Eager to sell your home before the end of the year but concerned about lower interest over the holidays? You’re not alone. Thanksgiving through New Year’s Day can be a challenging time to list, market, show and ultimately find a buyer for a home for sale.
But just because it’s the holiday season doesn’t mean your window of opportunity has slammed shut. By understanding the pros and cons of selling a house during the winter holidays and following some home selling tips, you can increase your odds of unloading that property without undue delay or a big ding to your net proceeds.
Holiday season real estate statistics
Research reveals that historically, November, and December aren’t ideal times for home sellers. According to ATTOM Data Solutions, an analyst of real estate stats, for the last decade (2011- 2021), November has been the second worst month of the year for sellers, in terms of what their homes fetch. The average premium (meaning purchase price above market value) is only 6.1 percent. December doesn’t fare much better, with an average premium of 6.3 percent. By contrast, the month of May historically commands a 12.6 percent premium.
Along with lower sales prices, homes have always tended to sell at a slower pace over the last few weeks of the year at the height of the holiday season. But actually, tradition may be changing: In December 2021, there was a fair amount of activity. Consider these figures:
|Sources: *National Association of Realtors; **Realtor.com|
|% of homes sold between Thanksgiving and New Year’s 2021||10.1% of total 2021 sales*|
|Median home sales price for the 2021 holiday season||$358,800 (Dec 2021), 16.1% year-over-year gain*|
|Average home inventory November 2021 through January 2022||947,000 homes for sale*|
|National home sales between November and January (2021-2022 vs. 2020-2021)||1,368,000 vs 1,397,000*|
|Median listing price in December 2021||$375,000 (+10% year-over-year)**|
|Average days on the market in December 2021||54 (-11% year-over-year)**|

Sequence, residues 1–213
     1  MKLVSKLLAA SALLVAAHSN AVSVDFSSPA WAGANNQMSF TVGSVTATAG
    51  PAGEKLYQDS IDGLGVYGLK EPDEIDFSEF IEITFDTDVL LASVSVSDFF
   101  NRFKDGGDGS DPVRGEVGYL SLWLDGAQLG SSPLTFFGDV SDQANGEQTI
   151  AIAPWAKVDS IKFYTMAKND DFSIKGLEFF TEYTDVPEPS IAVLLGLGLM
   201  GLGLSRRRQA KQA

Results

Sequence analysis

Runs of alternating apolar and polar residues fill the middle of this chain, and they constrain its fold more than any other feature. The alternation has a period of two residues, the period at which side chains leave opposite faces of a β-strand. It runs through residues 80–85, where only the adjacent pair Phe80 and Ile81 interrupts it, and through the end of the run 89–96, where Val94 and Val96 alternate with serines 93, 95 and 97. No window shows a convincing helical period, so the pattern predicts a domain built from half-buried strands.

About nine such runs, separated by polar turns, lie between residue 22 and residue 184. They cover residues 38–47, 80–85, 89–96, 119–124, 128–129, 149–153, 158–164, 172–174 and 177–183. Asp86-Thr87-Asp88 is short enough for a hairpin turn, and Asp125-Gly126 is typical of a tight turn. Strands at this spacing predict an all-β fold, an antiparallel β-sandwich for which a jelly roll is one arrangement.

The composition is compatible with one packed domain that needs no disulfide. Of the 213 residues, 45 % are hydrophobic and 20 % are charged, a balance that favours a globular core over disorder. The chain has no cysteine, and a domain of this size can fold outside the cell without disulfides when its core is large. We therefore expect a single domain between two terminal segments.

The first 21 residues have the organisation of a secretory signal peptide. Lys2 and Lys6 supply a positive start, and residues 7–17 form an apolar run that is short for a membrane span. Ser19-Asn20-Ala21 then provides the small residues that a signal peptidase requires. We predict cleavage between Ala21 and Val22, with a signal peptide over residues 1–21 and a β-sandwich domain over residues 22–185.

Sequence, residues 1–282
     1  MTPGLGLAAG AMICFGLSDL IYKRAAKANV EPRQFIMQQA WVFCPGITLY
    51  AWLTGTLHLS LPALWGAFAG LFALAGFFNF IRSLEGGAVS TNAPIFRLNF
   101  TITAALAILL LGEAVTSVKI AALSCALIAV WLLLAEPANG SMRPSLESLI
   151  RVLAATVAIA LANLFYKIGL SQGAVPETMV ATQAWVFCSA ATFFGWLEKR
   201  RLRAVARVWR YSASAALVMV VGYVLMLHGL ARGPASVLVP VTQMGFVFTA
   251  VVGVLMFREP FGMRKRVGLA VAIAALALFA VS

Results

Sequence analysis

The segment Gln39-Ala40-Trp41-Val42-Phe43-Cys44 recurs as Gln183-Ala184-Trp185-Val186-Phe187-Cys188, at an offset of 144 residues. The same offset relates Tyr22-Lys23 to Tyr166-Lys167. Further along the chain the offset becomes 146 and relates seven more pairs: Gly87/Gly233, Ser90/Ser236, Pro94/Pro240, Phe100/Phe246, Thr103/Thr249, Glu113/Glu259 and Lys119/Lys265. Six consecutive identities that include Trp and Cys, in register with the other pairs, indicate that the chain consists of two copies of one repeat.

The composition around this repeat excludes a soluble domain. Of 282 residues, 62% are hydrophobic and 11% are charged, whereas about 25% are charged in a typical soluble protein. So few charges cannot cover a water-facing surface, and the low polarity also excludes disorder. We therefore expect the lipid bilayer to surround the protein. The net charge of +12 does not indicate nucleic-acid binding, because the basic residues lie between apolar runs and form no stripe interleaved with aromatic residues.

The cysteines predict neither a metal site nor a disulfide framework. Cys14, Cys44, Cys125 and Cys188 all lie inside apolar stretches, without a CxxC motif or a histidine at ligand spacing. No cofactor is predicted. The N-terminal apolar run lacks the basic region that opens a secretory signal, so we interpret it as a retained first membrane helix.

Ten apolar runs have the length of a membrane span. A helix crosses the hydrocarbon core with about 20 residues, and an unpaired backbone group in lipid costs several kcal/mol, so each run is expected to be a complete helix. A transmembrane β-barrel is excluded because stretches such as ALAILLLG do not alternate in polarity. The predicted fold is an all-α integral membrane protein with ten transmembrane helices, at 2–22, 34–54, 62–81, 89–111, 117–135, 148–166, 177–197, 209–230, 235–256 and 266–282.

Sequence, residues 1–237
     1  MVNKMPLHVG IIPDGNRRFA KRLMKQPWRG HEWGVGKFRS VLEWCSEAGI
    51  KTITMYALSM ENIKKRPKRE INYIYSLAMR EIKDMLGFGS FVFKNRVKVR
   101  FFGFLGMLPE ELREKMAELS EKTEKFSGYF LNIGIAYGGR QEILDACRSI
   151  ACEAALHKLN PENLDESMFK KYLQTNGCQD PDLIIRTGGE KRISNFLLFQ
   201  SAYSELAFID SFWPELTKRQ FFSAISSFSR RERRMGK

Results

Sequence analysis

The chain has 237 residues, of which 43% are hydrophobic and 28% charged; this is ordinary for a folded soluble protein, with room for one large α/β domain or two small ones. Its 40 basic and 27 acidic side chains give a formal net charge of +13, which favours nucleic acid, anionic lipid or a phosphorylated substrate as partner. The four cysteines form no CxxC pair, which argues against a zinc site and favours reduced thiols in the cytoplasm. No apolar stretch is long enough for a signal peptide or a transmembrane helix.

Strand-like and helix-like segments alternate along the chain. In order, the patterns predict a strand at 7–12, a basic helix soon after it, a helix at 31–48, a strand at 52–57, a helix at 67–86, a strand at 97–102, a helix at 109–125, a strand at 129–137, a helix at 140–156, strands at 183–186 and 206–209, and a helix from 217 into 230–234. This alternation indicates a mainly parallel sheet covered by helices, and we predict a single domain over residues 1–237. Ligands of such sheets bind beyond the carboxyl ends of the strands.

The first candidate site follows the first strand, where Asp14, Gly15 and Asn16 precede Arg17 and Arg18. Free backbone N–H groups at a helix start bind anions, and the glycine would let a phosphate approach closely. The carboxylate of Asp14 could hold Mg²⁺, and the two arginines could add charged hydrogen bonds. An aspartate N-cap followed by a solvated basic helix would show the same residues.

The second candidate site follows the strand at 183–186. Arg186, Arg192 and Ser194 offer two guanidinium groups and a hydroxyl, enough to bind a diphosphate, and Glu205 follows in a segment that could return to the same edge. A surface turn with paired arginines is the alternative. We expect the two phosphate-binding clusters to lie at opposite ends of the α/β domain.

|Active listings of homes for sale in December 2021||-26.8% year-over-year**|
Of course, the stats may be somewhat skewed, because the real estate market was roaring a year ago, with markets strongly favoring sellers. Throughout 2022, it’s begun to slow and may well continue to, in the near future. Still, the data suggests that the holiday season isn’t necessarily a dead season, real estate-wise.
Pros and cons of selling your home during the winter
There are advantages and disadvantages to trying to sell your property over the holidays and into the early winter.
One benefit of listing your home now is that any buyers you attract are likely to be highly motivated.
“A good example would be someone who just moved to the area to take a job and wants to be settled in before Christmas,” says Martin Orefice, CEO of Rent To Own Labs, an online search service. “You might also encounter people who are eager to conclude the transaction before the end of the year for tax purposes. These kinds of buyers can be especially eager to make a deal.”
Additionally, there is less competition from other listings at this time of year. Just as buyers are less motivated to house hunt during the holidays and dead of winter, fewer sellers opt to list their properties.
“You’ll have less competition. This can give you the edge of having an available home when inventory otherwise seems low,” says Atlanta Realtor Bill Golden.
Plus, once you have a buyer who makes an offer, the entire process may proceed more quickly at the end of the year than at other times on the calendar. The reason here is that you likely won’t encounter a bidding war or haggle as much on things like contingencies — especially if the purchaser is motivated to close the deal and move in soon. Title companies and lenders may be less swamped too, allowing you to get to closing day sooner.
On the other hand, there simply aren’t going to be many house-hunters out there in November, December and January.
“You’re much less likely to get normal foot traffic or exposure from people driving through the area, especially if the weather is bad,” explains Dennis Shirshikov, a strategist at Awning.com and a professor of economics at City University of New York. With the shorter days, people have less time to look.
Remember: Reduced interest typically equates to lower offers. Consider, as well, that few people relish the thought of moving during the colder months, which disincentivizes prospective buyers from making an offer.